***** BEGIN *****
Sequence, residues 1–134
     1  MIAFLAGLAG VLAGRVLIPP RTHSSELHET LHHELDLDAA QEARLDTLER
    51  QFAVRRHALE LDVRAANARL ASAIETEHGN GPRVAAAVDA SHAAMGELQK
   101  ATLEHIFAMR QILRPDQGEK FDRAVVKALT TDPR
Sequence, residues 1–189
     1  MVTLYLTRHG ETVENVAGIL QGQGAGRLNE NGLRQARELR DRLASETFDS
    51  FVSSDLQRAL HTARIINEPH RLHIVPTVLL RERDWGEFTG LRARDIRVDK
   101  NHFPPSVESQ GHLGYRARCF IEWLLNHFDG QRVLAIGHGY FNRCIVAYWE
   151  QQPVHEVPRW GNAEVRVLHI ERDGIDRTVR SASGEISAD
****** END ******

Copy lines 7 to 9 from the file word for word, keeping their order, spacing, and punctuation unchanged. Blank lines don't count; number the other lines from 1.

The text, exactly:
    51  FVSSDLQRAL HTARIINEPH RLHIVPTVLL RERDWGEFTG LRARDIRVDK
   101  NHFPPSVESQ GHLGYRARCF IEWLLNHFDG QRVLAIGHGY FNRCIVAYWE
   151  QQPVHEVPRW GNAEVRVLHI ERDGIDRTVR SASGEISAD